Armageddon’s Children (The Genesis of Shannara, Book 1)
Written by: Terry Brooks
Published by: Del Rey
[easyazon_image add_to_cart=”no” align=”left” asin=”034548410X” cloaking=”default” height=”500″ localization=”default” locale=”US” nofollow=”default” new_window=”default” src=”http://ecx.images-amazon.com/images/I/51tVDeyG3UL.jpg” tag=”buzmag-20″ width=”304″]Fantasy novels come in two types: The generic elves and faerie faire, and the long, ponderous epic. “The Genesis of Shennara” is definitely the latter. It’s not just the intricate storytelling of author Terry Brooks, or the three-dimensional, complex characters. There is a sense of larger themes playing out here. This is a story of three disparate peoples interconnected by their battle against an unspeakable evil. Once again, as in many similar tales the fate of humankind and indeed the universe rests in a handful of men and women. But behind the doomsday scenarios and back stories there is an urgent, familiar tone that gives pause and causes goose bumps to proliferate down the spine.
Set in a near future, the urban fantasy novel surrounds three main characters. Logan Tom, a seasoned survivalist of a nuked out, poisoned America. Hawk, the leader of a group of street kids in Seattle. And Angel Peretz, a freedom fighter doing her best to rescue humans who have been enslaved by demons. All are orphans and survivors of a string of wars and terrorist attacks organized by a mysterious evil force known only as the Void, and all are members of the Knights of the Word, a rebel group dedicated to defeating the evil force. When they discover (independently of each other, of course) that a demon known as the Old Man has been dispatched to kill them, they race against time to stop him and the source of the madness before it engulfs them all.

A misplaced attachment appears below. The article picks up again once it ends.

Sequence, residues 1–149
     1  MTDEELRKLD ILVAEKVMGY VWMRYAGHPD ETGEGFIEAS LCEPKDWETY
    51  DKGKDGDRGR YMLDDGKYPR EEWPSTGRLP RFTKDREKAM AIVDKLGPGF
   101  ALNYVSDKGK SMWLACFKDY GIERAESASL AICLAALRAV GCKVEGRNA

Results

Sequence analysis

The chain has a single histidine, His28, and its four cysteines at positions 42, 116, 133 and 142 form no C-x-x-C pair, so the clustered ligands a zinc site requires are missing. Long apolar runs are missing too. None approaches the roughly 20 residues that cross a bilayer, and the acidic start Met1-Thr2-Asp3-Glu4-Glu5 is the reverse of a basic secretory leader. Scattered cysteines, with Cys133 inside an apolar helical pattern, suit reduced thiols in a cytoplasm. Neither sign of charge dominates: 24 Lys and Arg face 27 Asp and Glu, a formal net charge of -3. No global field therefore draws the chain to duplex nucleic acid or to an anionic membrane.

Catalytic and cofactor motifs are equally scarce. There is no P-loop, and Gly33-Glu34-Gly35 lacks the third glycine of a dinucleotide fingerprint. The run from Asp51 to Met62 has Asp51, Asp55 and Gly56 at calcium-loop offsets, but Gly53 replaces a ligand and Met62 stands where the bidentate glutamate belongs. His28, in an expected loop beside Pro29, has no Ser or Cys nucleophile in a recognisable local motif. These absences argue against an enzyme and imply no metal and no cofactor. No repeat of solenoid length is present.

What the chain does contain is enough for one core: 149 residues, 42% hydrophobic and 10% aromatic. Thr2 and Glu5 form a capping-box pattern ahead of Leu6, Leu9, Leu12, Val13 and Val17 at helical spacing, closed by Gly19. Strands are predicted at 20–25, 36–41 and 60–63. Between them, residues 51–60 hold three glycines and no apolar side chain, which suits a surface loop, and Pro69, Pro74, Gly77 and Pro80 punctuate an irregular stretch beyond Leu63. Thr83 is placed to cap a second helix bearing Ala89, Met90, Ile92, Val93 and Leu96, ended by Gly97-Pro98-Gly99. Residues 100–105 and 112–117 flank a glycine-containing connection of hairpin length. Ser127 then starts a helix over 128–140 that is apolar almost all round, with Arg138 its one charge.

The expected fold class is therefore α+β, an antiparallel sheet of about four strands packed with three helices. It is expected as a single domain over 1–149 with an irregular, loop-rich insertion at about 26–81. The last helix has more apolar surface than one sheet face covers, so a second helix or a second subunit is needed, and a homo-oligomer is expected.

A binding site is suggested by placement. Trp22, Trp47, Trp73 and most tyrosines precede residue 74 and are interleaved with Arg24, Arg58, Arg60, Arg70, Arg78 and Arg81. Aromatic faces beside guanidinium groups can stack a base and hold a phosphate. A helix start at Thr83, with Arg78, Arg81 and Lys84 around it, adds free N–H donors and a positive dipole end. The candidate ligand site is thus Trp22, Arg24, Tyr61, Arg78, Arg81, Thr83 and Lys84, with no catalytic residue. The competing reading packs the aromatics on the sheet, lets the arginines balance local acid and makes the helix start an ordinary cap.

Demons aside, the grittiness of the novel and the decision to locate it in an all too real, post-post 9/11 America gives it a certain ring of authenticity that other similar novels lack. It doesn’t hurt that the characters are richly developed, with histories and quirks of their own. Yes, there are strong male characters to be found, just as there are strong female characters (Angel is one of many.). But their strength isn’t grounded solely in magic. Despite their supernatural powers, they are still humans, after all with all the pathos that implies.
As with any epic, there are downsides. The plot tends to meander about. So much of the book is padded with back stories and flashbacks that it is hard to get into the action once Brooks cuts away from them. Then, out of nowhere faeries pop up (Faeries? In post apocalyptic America? Oh, really?). By the time the focus is back on Hawk, Angel, and Tom they are as ephemeral as the ghosts they’re running from. I have no problem with elves or faeries, but it would have been nice if Brooks had chosen to stick to the three main characters instead. Not to say that he is a bad author. He’s gotten nearly 22 novels under his belt since he first started writing in the late 70s, but it feels as though he’s bitten off a bit more than he can chew. There isn’t a need to try to be the next J.R.R. Tolkein, we’ll settle for a compelling storyline, thank you very much.
That said, Genesis of Shannara is an engaging novel. Far more than most urban fantasy novels out there. Those with strong constitutions (and stronger cups of coffee) won’t mind spending their days and nights curling up to this one. Otherwise, consider this a skim-worthy read.
by John Winn – Staff WriterTerry Brooks Interview With Buzzy Mag
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